The past year has not been an easy one for Tyrrell College, a government school with 162 students in the farming town of Sea Lake, in the state’s Mallee region.
When teaching went remote statewide as a result of the COVID-19 pandemic, some students who lived on farms in internet blackspots could not join online classes. Then, during the VCE exam period, the community was rocked by the death of a local police officer, who was a parent at the school, in a road collision.
But students and staff pulled together, and Tyrrell College has recorded among its best results. Its VCE cohort recorded a decade-high median study score of 34, which puts them well above the state average of 30.
“The adversity those kids had to go through to get those results last year was phenomenal,” principal Mark Corrie said. “I don’t know how they did it.”
A whole-school photo of Tyrrell College, which had 162 students and 23 teaching staff in 2020.
Tyrrell College has been named The Age’s 2021 Schools that Excel winner for rural/regional government schools for its sustained improvement in VCE results over the past decade.
You can view the full list of winning schools, and explore the data for your high school using this year’s Schools that Excel dashboard:
Mr Corrie said each year about 15 students at the prep-12 school would finish year 12 across VCE, VET and VCAL streams.
“One of our main advantages is that we have really small class sizes, so by year 12 kids basically have their own tutor,” he said.
He said a crucial part of the school was the strong relationships built up between students and teachers. Most students know the school’s VCE teachers from a young age, because those same teachers often run classes at lower year levels as well – for example, the VCE agricultural studies teacher also runs agriculture classes for primary school students.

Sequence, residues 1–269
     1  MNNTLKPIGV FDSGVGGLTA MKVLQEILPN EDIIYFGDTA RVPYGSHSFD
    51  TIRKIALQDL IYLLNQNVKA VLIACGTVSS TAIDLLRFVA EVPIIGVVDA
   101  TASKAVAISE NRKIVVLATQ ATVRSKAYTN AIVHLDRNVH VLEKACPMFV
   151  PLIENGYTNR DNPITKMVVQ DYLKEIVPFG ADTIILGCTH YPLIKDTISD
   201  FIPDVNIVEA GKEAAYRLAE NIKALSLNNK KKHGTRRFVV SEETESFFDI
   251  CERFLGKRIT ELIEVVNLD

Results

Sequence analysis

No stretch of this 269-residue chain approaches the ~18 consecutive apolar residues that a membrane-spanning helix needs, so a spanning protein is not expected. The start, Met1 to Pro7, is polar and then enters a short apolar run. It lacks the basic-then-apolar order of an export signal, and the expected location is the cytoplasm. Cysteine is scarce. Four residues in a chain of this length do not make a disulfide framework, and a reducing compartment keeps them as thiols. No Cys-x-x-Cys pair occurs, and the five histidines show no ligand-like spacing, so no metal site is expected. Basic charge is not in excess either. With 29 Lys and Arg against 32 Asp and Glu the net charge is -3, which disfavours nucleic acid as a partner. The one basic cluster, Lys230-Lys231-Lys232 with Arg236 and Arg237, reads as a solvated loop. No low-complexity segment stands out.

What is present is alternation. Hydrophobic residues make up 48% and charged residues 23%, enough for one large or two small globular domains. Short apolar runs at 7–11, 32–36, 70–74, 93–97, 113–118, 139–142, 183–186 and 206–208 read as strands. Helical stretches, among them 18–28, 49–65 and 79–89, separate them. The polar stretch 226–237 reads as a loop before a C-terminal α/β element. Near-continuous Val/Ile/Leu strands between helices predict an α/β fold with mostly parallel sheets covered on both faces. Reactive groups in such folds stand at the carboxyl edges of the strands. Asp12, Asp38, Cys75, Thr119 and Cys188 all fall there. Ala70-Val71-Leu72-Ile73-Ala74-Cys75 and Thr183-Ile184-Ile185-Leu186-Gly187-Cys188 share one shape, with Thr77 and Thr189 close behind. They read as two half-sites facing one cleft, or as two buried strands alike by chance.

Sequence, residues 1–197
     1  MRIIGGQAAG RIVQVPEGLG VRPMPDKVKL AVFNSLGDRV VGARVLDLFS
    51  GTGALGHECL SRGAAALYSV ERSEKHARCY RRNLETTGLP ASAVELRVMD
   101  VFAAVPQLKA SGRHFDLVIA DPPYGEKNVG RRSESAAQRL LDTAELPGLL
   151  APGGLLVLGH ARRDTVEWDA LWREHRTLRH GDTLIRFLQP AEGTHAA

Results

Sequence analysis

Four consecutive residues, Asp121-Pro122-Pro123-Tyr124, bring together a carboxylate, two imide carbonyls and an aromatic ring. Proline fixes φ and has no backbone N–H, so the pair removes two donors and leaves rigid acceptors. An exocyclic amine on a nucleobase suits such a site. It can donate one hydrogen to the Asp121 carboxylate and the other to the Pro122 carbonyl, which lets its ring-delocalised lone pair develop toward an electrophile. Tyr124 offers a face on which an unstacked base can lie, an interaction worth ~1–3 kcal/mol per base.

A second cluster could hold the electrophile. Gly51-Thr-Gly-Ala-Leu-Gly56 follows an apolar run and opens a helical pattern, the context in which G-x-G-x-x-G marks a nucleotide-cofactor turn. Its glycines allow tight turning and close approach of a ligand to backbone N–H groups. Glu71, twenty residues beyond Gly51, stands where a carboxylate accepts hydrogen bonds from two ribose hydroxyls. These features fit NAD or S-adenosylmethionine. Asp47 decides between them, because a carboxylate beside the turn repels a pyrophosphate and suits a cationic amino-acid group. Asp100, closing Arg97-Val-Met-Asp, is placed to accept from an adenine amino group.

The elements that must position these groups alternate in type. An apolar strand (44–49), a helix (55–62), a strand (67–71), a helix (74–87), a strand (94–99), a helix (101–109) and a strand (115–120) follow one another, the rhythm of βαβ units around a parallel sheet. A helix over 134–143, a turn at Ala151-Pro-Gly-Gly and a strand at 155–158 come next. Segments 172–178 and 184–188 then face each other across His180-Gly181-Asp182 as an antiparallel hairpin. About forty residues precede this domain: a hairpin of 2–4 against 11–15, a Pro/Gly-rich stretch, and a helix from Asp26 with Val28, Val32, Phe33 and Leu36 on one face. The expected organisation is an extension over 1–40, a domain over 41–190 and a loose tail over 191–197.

Students from Tyrrell College’s year 12 cohort in 2020.
“We are sort of like surrogate parents in a way, we get them really good VCE scores. We have a 100 per cent guarantee that each student who participates in VCE will get a first-round university offer, and we have delivered on that statement for the past five years.”
Students have gone on to study engineering, agronomy, nursing, teaching, veterinary sciences and medicine. But they are not simply funnelled towards VCE – Mr Corrie said there was about a 60/40 split between students opting for VCE or for vocational education.
“Because of the effort staff and students put together collaboratively, my staff don’t work a 38-hour week – they would be pushing 60 or 70. I actually have to tell them to slow down because that is how invested they are. I’ve worked as a principal in a number of schools, and their work ethic and their humility is amazing. I think I’ve found my happy place.”
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